Film Review – The Lorax
With another year well underway, do you know what time it is? Why, time for another Dr. Seuss adaptation, of course! This go-around, the studio that brought us the highly popular Despicable Me (2010) is back with The Lorax (2012), directed by Chris Renaud and Kyle Balda and written by Ken Daurio. Now, to be completely honest with you, this particular story was not one of the Dr. Seuss books that I held very close to my heart; I was more of a How The Grinch Stole Christmas, The Cat in the Hat, and Green Eggs and Ham kind of a kid. I was slightly aware of what the story was about—regarding an imaginary creature and his attempt to stop a number of trees from being chopped down—but other than that I have to admit I walked into the movie with a pretty clean slate. A number of recent Dr. Seuss film adaptations have turned out fairly unmemorable, to put it nicely—would this one actually break ground?
The main problem with adapting a Dr. Seuss story is in regard to content. These were children’s books that were only a good handful of pages long, dominated by pictures and with dialogue relegated to lines of rhyme. All of the feature length films based on his work have suffered from the fact that there is simply not enough content to fill up an entire hour and a half time frame. As a result, writers and directors have to come up with creative ways to fill in those gaps, by adding more characters, or weaving in story threads that were not present in the original source material, or creating musical scenes…so on and so on. While watching the film, I did sense that certain scenes and certain characters were put in just to make it an appropriate length. As a whole, it feels a bit dragged out, stretched with moments that only seemed like filler. This is why the animated short film How the Grinch Stole Christmas! (1966) remains to me as the best adaptation of Dr. Seuss’s work thus far, because it was not required to do that.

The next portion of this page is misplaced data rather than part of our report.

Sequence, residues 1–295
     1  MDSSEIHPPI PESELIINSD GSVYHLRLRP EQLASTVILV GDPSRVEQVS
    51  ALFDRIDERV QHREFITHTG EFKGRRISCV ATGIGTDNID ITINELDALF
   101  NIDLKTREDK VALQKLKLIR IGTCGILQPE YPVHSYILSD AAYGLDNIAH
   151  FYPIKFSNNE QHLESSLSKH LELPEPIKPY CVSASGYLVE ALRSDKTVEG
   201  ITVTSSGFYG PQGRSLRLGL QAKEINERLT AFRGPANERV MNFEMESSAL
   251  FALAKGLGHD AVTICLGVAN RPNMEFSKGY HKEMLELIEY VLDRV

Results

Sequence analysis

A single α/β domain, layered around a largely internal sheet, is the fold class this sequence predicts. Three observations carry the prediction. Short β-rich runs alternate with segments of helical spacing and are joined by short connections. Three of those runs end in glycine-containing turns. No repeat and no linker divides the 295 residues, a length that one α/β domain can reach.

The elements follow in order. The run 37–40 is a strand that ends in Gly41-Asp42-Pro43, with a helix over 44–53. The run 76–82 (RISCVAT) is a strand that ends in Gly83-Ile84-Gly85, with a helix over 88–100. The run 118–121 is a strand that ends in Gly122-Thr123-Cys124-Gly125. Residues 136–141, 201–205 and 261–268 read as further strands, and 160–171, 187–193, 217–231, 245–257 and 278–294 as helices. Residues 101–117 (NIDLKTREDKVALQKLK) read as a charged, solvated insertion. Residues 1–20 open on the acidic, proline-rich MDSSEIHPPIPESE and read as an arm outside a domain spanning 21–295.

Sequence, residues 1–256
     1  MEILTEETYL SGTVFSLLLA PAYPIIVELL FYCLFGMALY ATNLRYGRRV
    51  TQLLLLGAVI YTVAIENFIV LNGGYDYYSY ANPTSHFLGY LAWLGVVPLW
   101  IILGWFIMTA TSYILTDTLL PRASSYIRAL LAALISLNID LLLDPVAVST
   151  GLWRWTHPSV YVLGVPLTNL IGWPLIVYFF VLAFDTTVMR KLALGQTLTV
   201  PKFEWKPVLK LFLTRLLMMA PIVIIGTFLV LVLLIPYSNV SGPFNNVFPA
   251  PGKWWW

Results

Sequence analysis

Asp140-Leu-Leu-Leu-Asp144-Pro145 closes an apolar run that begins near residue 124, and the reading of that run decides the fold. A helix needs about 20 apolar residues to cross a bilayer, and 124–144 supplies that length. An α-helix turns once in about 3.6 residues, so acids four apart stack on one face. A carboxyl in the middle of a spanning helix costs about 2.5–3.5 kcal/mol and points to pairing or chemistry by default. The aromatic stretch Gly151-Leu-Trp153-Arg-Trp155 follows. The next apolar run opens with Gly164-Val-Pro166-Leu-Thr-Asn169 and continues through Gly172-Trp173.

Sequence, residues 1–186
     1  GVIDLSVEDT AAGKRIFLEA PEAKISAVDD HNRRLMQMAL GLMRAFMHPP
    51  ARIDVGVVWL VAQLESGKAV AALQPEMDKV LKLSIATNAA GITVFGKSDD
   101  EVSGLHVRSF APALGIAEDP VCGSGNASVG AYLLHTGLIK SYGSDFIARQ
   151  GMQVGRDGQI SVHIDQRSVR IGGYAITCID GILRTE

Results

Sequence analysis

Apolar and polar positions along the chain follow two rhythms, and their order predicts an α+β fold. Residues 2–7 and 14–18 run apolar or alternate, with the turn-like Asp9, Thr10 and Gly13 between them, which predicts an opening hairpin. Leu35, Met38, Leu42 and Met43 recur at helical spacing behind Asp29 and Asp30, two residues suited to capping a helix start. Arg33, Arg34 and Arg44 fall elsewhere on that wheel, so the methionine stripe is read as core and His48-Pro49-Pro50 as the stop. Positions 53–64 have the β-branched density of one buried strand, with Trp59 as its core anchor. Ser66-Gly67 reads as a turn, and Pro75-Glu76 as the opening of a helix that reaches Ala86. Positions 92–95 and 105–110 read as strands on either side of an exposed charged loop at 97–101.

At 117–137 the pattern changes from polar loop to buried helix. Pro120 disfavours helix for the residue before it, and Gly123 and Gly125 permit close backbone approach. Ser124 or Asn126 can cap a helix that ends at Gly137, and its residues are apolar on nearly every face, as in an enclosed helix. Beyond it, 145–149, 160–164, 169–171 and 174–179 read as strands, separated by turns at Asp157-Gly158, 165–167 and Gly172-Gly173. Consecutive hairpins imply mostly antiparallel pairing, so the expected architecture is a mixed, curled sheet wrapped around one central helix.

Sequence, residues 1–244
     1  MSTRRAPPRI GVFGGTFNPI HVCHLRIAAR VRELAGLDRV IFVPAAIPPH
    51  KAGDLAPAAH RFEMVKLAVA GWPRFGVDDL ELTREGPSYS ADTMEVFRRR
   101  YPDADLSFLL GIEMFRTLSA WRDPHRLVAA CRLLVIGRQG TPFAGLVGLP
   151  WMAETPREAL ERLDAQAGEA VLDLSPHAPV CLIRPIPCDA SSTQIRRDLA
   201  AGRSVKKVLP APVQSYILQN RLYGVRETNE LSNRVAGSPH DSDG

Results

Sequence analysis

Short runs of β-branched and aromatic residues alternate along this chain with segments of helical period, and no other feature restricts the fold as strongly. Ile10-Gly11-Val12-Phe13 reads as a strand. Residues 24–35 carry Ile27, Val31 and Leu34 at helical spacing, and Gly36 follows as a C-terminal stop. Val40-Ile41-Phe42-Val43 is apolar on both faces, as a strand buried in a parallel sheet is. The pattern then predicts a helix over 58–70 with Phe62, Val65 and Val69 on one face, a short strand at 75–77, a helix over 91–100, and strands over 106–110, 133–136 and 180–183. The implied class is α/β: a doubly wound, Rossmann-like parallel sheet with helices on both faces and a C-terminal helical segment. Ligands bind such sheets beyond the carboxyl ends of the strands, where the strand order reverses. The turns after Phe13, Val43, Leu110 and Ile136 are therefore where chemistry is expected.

Let’s start at the beginning. When the film opens, we come to believe that the main plot revolves around the character of Ted (Zac Efron). Ted seems like any other kid, but his life is very much unlike any other. That is because his entire town, the world that he is aware of, is one made up of façades. There is no natural vegetation, the grass is fake, flowers and plants are plastic balloons, and the pollution is so bad that one of the biggest commodities the townsfolk have is clean air, sold in bulk by the greedy businessman Mr. O’Hare (Rob Riggle). Despite the conditions of the town he lives in, Ted is more or less a good normal kid. His main prerogative is to win the heart of his crush, Audrey (Taylor Swift). When Audrey informs him that her biggest wish is to see a real, living tree, Ted takes it upon himself to find one for her. Problem is, he’s never seen a real tree before, and wouldn’t know where to begin to find one. Luckily for him, his Grammy Norma (Betty White) has lived long enough to remember real trees, and that the only way he could possibly find one would be to venture outside of the walls of the town and visit the mysterious person known only as The Once-ler (Ed Helms).